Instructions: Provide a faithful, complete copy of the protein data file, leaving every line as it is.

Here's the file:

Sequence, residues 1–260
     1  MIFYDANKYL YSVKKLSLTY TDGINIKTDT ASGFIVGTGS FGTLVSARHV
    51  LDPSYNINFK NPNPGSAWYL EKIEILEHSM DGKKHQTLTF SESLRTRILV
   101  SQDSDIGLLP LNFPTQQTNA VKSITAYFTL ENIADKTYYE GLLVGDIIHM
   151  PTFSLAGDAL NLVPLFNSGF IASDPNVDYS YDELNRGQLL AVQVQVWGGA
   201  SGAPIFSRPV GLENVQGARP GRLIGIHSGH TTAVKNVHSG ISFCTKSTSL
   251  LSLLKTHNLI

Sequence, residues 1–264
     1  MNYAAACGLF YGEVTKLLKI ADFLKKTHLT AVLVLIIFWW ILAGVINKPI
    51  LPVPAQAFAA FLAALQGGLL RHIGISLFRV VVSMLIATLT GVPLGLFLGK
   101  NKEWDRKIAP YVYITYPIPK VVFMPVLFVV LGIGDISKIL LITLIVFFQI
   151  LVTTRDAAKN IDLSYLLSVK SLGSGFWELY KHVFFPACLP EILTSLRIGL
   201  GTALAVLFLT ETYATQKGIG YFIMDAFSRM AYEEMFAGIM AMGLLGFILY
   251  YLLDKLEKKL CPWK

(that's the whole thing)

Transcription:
Sequence, residues 1–260
     1  MIFYDANKYL YSVKKLSLTY TDGINIKTDT ASGFIVGTGS FGTLVSARHV
    51  LDPSYNINFK NPNPGSAWYL EKIEILEHSM DGKKHQTLTF SESLRTRILV
   101  SQDSDIGLLP LNFPTQQTNA VKSITAYFTL ENIADKTYYE GLLVGDIIHM
   151  PTFSLAGDAL NLVPLFNSGF IASDPNVDYS YDELNRGQLL AVQVQVWGGA
   201  SGAPIFSRPV GLENVQGARP GRLIGIHSGH TTAVKNVHSG ISFCTKSTSL
   251  LSLLKTHNLI

Sequence, residues 1–264
     1  MNYAAACGLF YGEVTKLLKI ADFLKKTHLT AVLVLIIFWW ILAGVINKPI
    51  LPVPAQAFAA FLAALQGGLL RHIGISLFRV VVSMLIATLT GVPLGLFLGK
   101  NKEWDRKIAP YVYITYPIPK VVFMPVLFVV LGIGDISKIL LITLIVFFQI
   151  LVTTRDAAKN IDLSYLLSVK SLGSGFWELY KHVFFPACLP EILTSLRIGL
   201  GTALAVLFLT ETYATQKGIG YFIMDAFSRM AYEEMFAGIM AMGLLGFILY
   251  YLLDKLEKKL CPWK